Amazon, Walmart Keep Up the Pressure in Delivery Innovations

In-trunk delivery and the expansion of a restaurant delivery service

Walmart and Amazon launched new delivery initiatives, facing off yet again in their tit-for-tat fight to expand fulfillment options and speed up delivery to customers.

Amazon unveiled a plan to allow online purchases to be dropped off in the trunks of customers cars. The plan is initially available in 37 cities for two makes of cars (Volvo and GM), while users must be Amazon Prime members and use the Amazon Key app to grant access to couriers.

Walmart, for its part, announced a partnership with DoorDash in a grocery delivery trial limited to Atlanta for now. The retail giant is already delivering on-demand groceries in some markets through Instacart, Deliv and ride-share services like Uber.

What’s unusual in this case is that, to date, DoorDash has been strictly a restaurant delivery service, but also that it is foregoing its red t-shirt and delivery bag branding in this venture with Walmart. A shopper would have no idea their groceries were coming via an outsourced service. And do they really need to be?

Consumers don’t particularly care who delivers items as long as they are professional, according to a February 2018 survey by Dropoff. Only 12% of US internet users said they wanted packages delivered by the merchant they bought from while 75% thought professionalism was important. On the other hand, 70% said a delivery person in uniform would increase their trust and only 14% trusted “peer-to-peer” delivery services, which is a gray area that would include crowdsourced delivery by individuals but also could include companies like Uber or Walmart’s use of in-store staff to deliver packages on their way home that was introduced last year.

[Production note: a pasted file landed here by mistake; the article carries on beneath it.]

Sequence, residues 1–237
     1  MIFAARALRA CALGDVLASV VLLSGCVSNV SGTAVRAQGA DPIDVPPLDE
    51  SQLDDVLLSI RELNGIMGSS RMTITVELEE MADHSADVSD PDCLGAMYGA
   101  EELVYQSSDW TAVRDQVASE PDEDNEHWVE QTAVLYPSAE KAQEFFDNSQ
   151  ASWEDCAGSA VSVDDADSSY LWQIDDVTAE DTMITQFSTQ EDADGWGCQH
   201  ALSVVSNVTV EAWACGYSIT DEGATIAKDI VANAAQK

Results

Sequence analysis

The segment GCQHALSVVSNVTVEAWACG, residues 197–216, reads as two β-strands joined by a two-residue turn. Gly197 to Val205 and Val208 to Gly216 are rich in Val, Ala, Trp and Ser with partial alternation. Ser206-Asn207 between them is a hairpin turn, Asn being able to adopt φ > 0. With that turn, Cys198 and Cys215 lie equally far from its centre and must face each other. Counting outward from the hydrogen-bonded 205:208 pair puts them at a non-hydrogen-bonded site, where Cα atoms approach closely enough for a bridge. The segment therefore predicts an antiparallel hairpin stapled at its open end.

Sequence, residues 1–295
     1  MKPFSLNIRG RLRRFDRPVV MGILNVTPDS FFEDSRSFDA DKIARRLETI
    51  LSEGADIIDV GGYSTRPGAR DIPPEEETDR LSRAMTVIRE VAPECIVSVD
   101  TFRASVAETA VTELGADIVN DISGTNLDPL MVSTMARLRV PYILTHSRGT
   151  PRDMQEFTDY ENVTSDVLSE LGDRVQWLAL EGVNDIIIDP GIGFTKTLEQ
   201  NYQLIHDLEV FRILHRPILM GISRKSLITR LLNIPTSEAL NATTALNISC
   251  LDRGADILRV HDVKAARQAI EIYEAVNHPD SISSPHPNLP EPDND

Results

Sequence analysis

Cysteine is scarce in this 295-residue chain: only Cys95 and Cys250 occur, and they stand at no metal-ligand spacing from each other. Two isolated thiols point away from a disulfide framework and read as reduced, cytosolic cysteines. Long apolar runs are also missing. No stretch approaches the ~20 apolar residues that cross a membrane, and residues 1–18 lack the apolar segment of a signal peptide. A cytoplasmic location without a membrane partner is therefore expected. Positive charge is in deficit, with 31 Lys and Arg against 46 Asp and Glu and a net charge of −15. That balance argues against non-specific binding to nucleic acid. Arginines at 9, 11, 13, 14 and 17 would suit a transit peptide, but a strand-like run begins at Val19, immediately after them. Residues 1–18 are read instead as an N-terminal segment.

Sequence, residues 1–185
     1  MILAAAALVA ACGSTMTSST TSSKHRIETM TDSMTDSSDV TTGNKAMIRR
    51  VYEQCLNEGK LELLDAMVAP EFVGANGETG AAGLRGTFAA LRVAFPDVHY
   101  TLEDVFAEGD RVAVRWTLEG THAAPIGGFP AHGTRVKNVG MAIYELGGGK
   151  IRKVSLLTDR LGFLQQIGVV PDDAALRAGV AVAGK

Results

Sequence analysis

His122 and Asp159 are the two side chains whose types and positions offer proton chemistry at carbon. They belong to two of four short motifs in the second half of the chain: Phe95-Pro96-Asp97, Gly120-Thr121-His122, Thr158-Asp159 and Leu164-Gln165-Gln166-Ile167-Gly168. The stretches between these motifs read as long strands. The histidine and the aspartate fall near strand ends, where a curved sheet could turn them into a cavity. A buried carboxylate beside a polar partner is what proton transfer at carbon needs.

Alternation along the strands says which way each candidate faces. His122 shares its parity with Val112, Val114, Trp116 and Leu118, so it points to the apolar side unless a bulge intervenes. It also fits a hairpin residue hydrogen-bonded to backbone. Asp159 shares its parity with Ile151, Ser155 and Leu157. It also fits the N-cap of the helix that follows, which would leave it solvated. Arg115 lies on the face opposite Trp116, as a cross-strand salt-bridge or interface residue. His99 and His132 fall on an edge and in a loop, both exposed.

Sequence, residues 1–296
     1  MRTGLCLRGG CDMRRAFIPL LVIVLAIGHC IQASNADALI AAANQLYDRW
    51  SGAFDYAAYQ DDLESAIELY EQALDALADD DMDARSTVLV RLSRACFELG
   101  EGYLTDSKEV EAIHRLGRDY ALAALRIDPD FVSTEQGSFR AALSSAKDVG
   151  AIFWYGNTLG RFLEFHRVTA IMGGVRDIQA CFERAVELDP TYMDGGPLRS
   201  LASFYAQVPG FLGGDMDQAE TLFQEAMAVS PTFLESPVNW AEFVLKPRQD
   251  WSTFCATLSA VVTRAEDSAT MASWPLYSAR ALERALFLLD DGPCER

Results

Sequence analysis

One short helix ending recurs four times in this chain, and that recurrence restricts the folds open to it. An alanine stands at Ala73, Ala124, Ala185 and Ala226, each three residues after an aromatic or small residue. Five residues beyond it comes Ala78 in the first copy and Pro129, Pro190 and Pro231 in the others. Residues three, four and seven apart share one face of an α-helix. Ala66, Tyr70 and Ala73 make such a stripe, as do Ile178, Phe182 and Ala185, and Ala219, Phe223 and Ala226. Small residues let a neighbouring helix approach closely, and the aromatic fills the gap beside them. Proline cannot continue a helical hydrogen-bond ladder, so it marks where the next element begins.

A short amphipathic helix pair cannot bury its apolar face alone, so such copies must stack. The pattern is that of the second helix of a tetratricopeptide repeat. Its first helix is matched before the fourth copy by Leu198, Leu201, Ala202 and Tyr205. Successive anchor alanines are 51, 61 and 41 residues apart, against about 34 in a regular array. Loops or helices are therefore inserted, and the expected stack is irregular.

Most retailers aren’t Amazon, so rather than overhauling entire logistical processes, the quickest route to becoming more nimble is using outsourced delivery. According to the April 2018 Progressive Grocer "85th Annual Report of the Grocery Industry” report, 31.8% of grocers offer third-party delivery services, nearly double the figure from 2017 and a little more than those that provide store-supported delivery (28.0%).

Shoppers are still warming to grocery delivery, though it is likely that as retailers increase their offerings, more shoppers will begin using it. In a March 2018 survey by Field Agent, 72% of US digital grocery shoppers had obtained their purchases using curbside pickup compared to 19% who had used delivery. The leading retailer and format shopped was Walmart Pickup (59%). The next most popular (15%) was Kroger either using Instacart delivery or ClickList, the retailer’s pickup service.

Groceries are the online product category most desired the same day, so it is inevitable that more traditional retailers will be experimenting with faster services and Amazon will continue getting closer and closer to the consumer in the name of convenience.